This was the most-read story on BBC Earth in 2015. Here is another chance to read it.
It could happen to anyone. Maybe you're out trying to find a new habitable planet for the human race, or maybe you're just on a long walk and you slip. Whatever the circumstances, at some point we all find ourselves confronted with the age-old question: what happens when you fall into a black hole?
You might expect to get crushed, or maybe torn to pieces. But the reality is stranger than that.
The instant you entered the black hole, reality would split in two. In one, you would be instantly incinerated, and in the other you would plunge on into the black hole utterly unharmed.
A black hole is a place where the laws of physics as we know them break down. Einstein taught us that gravity warps space itself, causing it to curve. So given a dense enough object, space-time can become so warped that it twists in on itself, burrowing a hole through the very fabric of reality.
A massive star that has run out of fuel can produce the kind of extreme density needed to create such a mangled bit of world. As it buckles under its own weight and collapses inward, space-time caves in with it. The gravitational field becomes so strong that not even light can escape, rendering the region where the star used to be profoundly dark: a black hole.
As you go deeper into the black hole, space becomes ever more curvy
The outermost boundary of the hole is its event horizon, the point at which the gravitational force precisely counteracts the light's efforts to escape it. Go closer than this, and there's no escape.
The event horizon is ablaze with energy. Quantum effects at the edge create streams of hot particles that radiate back out into the universe. This is called Hawking radiation, after the physicist Stephen Hawking, who predicted it. Given enough time, the black hole will radiate away its mass, and vanish.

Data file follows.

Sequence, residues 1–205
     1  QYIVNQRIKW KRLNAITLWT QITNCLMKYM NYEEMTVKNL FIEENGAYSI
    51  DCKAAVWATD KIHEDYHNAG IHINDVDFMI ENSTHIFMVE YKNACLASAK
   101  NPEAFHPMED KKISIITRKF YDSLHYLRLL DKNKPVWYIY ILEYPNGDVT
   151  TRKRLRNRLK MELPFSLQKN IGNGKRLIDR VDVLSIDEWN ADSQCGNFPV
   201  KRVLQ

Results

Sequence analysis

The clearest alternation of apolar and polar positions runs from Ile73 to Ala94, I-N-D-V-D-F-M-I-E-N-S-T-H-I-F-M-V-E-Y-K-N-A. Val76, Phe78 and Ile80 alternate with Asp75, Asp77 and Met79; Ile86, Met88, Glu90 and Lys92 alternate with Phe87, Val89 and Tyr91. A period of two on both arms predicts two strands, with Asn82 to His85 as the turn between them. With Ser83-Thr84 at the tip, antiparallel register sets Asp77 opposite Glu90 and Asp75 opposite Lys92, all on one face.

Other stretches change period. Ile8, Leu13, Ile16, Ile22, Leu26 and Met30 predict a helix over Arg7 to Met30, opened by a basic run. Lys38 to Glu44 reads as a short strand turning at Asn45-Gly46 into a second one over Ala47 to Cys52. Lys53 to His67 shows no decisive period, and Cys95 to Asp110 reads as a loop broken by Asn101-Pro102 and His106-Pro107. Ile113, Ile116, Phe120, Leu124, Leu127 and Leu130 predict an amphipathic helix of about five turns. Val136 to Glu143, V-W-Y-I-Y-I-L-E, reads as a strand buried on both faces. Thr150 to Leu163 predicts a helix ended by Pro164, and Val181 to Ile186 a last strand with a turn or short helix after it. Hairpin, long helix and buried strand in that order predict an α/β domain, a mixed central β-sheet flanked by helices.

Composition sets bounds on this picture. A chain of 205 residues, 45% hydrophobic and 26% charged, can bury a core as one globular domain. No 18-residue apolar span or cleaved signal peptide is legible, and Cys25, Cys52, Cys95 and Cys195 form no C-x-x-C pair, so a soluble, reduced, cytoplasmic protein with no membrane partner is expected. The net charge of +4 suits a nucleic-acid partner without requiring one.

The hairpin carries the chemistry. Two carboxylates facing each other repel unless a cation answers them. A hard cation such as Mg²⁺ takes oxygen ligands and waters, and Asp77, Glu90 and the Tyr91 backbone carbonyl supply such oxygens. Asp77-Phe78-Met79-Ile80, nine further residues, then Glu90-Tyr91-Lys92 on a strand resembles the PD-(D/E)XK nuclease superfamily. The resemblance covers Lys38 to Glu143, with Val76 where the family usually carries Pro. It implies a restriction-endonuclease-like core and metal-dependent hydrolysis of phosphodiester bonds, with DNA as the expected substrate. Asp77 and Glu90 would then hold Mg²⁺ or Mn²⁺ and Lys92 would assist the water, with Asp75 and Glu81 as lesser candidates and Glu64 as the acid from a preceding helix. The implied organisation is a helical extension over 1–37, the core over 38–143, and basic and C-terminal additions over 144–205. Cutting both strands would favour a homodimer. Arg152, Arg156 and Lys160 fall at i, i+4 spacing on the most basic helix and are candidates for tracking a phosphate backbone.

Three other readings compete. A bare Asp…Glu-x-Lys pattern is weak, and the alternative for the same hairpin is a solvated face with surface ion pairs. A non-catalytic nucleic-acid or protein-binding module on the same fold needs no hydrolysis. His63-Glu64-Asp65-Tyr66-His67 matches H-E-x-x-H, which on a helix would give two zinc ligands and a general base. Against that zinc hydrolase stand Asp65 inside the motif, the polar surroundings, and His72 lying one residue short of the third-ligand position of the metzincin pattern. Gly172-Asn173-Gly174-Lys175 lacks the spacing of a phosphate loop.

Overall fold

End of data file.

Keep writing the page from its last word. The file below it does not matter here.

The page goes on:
As you go deeper into the black hole, space becomes ever more curvy until, at the centre, it becomes infinitely curved. This is the singularity. Space and time cease to be meaningful ideas, and the laws of physics as we know them — all of which require space and time — no longer apply.
What happens here, no one knows. Another universe? Oblivion? The back of a bookcase? It's a mystery.
So what happens if you accidentally fall into one of these cosmic aberrations? Let's start by asking your space companion — we'll call her Anne — who watches in horror as you plunge toward the black hole, while she remains safely outside. From where she's floating, things are about to get weird.
As you accelerate toward the event horizon, Anne sees you stretch and contort, as if she were viewing you through a giant magnifying glass. What's more, the closer you get to the horizon the more you appear to move in slow motion.
Before you ever cross over into the black hole's darkness, you're reduced to ash
You can't shout to her, as there's no air in space, but you might try flashing her a Morse message with the light on your iPhone (there's an app for that). However, your words reach her ever more slowly, the light waves stretching to increasingly lower and redder frequencies: "Alright, a l r i g h t, a l r i…"
When you reach the horizon, Anne sees you freeze, like someone has hit the pause button. You remain plastered there, motionless, stretched across the surface of the horizon as a growing heat begins to engulf you.
According to Anne, you are slowly obliterated by the stretching of space, the stopping of time and the fires of Hawking radiation. Before you ever cross over into the black hole's darkness, you're reduced to ash.
But before we plan your funeral, let's forget about Anne and view this gruesome scene from your point of view. Now, something even stranger happens: nothing.
You sail straight into nature's most ominous destination without so much as a bump or a jiggle – and certainly no stretching, slowing or scalding radiation. That's because you're in freefall, and therefore you feel no gravity: something Einstein called his "happiest thought".
In a big enough black hole, you could live out the rest of your life pretty normally
After all, the event horizon is not like a brick wall floating in space. It's an artefact of perspective. An observer who remains outside the black hole can't see through it, but that's not your problem. As far as you're concerned there is no horizon.